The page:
“The Blair Witch Project” left an indelible mark on the horror genre.
That’s not a compliment.
The 1999 film introduced Hollywood to the “found-footage” gimmick, a way to tell horror stories at a dramatically reduced price point.
The technique proved a boon to indie filmmakers, years before tech advances made moviemaking less expensive. It still inspired a crush of lo-fi shockers that made us pine for tripods and dolly shots.
The genre is more or less dead today, and that’s good news. Still, the 2013 film “Willow Creek” proved how effective it could be in the right circumstances. And it took a “Police Academy” alum to prove that point.
Comedian Bobcat Goldthwait’s film follows a couple seeking out the mysterious Bigfoot. He’s a filmmaker hoping to snag the ultimate coup — the big fella himself.
Or herself, perhaps?
She’s along for the ride, not knowing just how close they might get to the main attraction.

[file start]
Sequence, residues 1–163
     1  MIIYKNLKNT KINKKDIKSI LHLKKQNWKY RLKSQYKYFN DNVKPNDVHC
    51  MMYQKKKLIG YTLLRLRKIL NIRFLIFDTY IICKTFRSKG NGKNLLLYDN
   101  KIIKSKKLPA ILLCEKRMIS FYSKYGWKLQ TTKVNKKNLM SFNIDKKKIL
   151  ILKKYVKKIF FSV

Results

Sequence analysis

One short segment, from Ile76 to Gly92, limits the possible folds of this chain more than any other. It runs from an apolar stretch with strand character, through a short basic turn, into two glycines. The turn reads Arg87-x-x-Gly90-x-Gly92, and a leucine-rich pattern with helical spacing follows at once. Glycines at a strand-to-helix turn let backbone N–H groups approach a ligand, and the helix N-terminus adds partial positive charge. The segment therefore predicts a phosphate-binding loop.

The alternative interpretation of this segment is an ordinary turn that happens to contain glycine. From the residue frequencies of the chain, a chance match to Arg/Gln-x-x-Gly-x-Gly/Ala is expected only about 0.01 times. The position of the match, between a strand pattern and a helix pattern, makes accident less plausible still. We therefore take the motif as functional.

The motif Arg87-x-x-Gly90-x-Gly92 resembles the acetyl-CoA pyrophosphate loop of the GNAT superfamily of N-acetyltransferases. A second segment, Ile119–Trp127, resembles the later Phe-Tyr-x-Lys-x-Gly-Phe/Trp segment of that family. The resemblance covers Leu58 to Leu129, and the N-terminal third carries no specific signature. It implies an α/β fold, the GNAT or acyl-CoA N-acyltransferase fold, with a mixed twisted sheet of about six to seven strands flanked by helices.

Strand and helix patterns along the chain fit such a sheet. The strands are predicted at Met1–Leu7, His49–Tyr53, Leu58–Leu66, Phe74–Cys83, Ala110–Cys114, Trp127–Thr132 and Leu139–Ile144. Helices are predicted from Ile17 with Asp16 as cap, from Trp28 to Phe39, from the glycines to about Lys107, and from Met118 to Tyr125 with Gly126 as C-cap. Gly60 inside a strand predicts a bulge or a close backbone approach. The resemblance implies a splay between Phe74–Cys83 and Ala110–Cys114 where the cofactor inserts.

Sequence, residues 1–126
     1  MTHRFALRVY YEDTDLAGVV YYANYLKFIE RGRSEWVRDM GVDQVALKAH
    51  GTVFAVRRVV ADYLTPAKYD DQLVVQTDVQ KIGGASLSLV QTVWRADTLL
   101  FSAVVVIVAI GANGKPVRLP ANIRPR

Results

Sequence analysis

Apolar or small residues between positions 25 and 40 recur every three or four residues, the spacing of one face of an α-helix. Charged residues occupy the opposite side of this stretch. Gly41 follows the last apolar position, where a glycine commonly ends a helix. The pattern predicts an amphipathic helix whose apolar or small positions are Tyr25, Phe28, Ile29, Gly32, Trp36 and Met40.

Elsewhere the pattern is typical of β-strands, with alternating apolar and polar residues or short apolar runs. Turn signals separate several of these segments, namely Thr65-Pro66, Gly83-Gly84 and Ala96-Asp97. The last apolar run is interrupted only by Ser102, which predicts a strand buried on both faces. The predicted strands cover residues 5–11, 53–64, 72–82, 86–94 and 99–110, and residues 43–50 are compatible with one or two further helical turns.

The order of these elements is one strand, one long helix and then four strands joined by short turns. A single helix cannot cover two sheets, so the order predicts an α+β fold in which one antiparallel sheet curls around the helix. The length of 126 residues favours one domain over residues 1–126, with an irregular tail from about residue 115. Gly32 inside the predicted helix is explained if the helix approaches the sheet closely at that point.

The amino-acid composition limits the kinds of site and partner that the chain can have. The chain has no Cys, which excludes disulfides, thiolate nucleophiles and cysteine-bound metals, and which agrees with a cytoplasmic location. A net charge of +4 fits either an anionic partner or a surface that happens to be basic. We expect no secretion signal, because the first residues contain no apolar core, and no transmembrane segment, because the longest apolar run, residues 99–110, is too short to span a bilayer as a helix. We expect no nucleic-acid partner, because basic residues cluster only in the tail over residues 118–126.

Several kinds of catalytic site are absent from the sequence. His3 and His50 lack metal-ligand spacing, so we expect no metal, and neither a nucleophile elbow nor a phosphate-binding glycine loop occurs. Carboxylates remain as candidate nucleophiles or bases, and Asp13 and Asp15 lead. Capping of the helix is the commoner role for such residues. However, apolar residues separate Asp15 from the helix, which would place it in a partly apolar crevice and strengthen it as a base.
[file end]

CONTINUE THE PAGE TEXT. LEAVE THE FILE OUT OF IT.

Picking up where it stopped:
The dialogue, for once in a found-footage feature, doesn’t make you grind your teeth. Plus, we get to know the key players (Bryce Johnson and Alexie Gilmore make for a very believable couple). Goldthwait packs plenty of mischief along the way, examining Bigfoot culture as well as the couple in question.
The story holds together, in part, because we have a rooting interest in the main characters. That was no accident, according to the director.
That was one of the things that interested me in the movie. That you make these real people. That you empathize with them. In genre movies you usually not only hate the characters, you sometimes hate them so much that you hate the actors playing them.
Goldthwait, an uneven but interesting filmmaker, shot footage of Bigfoot believers and included them in his story. The comic-turned-filmmaker says he found inspiration from “Grizzly Man,” the acclaimed Werner Herzog documentary about a man with a profound love for bears.
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